ARTEMIS — neutralizing BGP hijacking within a minute

By on 19 Jul 2018

Category: Tech matters

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BGP prefix hijacking is a persistent threat against Internet organizations, attributed to a lack of authorization and authentication mechanisms in the inter-domain routing system.

In 2017 alone, thousands of routing incidents caused costly outages and interception of information, while the exact extent of the problem is unknown. Despite numerous research efforts into ways to protect networks from BGP hijacking (detection, reactive mitigation, proactive defences) over the last 20 years, the majority of the proposed solutions have not found their way to industry, with the exception of RPKI; though its deployment is still very limited. As such, networks are still vulnerable to hijacking events, which frequently require hours (or even days) to be resolved.

In this post, we present ARTEMIS (Automatic and Real-Time dEtection and MItigation System), a defence system that can be used by operators to protect their own network from BGP prefix hijacking events. Using real experiments, we’ve shown that ARTEMIS can detect prefix hijacking events within seconds and neutralize them within a minute; orders of magnitude faster than with current practices.

Key Points:

  • ARTEMIS is a defence system against BGP prefix hijacking, comprising of monitoring, detection and mitigation services, and is operated in-house.
  • It reduces hijack detection and mitigation times from hours/days to a few seconds or minutes.
  • The system can be configured for manual and automatic mitigation.

ARTEMIS overview

ARTEMIS is based on comprehensive, accurate and fast detection operated by the AS itself, and enables flexible and fast mitigation of hijacking events. It is used by an AS to protect its own prefixes, and is operated in-house, as software running on a VM/container in the Network Operations Center (NOC). The operator only needs to configure ARTEMIS, providing information about the announced prefixes of the network as well as its neighbours (configuration file; its generation can be automated using information from IRRs, RPKI DBs, and local routers).

The system is composed of three main modules/services:

  1. Monitoring, receiving information from public monitors (for example, RIPE RIS and RouteViews) and local routers.
  2. Detection, identifying hijacking events by comparing the monitoring information with the configuration file (‘ground truth’).
  3. Mitigation, reacting automatically or manually to a detected hijacking event via custom in-house (or optionally outsourced) mechanisms.

Figure 1 — Overview of the ARTEMIS system.

ARTEMIS can detect both simple hijacks (for example, involving a fake origin or upstream AS of the protected network), and advanced hijacks (for example, sub-prefix, man-in-the-middle, or path manipulation attacks). Figure 2 depicts an example of how ARTEMIS operates in the latter case (path manipulation using a fake link).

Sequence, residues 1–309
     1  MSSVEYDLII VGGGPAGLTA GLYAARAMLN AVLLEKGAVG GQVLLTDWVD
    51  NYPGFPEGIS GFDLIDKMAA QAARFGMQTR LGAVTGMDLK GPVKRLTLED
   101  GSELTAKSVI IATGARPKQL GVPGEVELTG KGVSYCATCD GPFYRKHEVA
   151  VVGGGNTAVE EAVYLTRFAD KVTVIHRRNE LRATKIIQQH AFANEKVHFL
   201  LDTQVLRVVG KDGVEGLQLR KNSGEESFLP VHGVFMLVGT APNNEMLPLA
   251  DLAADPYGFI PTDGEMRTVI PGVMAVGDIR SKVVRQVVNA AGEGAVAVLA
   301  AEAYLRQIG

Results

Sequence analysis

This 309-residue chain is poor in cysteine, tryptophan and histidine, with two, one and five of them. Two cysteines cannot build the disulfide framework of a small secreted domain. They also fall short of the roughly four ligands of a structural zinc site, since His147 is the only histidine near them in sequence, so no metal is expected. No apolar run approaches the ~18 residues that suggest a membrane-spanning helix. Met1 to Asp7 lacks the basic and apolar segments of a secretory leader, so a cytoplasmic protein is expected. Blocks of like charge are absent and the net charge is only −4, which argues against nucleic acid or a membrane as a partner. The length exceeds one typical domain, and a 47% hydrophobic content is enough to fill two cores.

Figure 2 — ARTEMIS operation example: Path manipulation via fake link + sub-prefix.

For a comprehensive analysis of the attacks covered by ARTEMIS, as well as its comparison with other related approaches, check out our paper [PDF 459 KB].


ARTEMIS continuously monitors the Internet control plane by leveraging pervasive publicly available BGP monitoring services, such as RIPE RIS and RouteViews (and their recently acquired real-time streaming capabilities).

Specifically, it receives real-time BGP updates from:

  • RIPE RIS monitors, using a interface
  • RouteViews and RIPE RIS monitors, using the BGPStream API; and
  • local BGP routers via exaBGP and iBGP.

In our work, we show that the existing public monitoring infrastructure can enable live detection of all impactful hijacking events. In fact, while a hijacker can employ several means to achieve a stealthy — that is, invisible to BGP monitors — hijack, this can be achieved only at the cost of limited impact (less than 1-2% of AS-level pollution).

Transitioning more monitors to live streaming will further increase global visibility and reduce detection times.


Detection operates by cross-checking the BGP updates received by the monitoring module/service, against the local configuration files (for example, origin/neighbour ASNs and announced prefixes) and a knowledge base (containing, for example, observed AS-level links and related metadata) created automatically by ARTEMIS and stored locally.

The ARTEMIS detection approach is:

  • comprehensive, detecting all possible attack types that are visible on the control plane.
  • accurate, generating zero False Positives (FP) / Negatives (FN) for basic hijack types (for example, fake origin/upstream announcements, or sub-prefix hijacks of any type), and a very low tunable FP-FN trade-off for others (for example, path manipulation attacks).
  • fast; specifically, based on real-world experiments using the PEERING testbed, we’ve shown that the stages of real-time monitoring and detection take only a few seconds, which is a point of difference from existing detection systems (see Figure 3).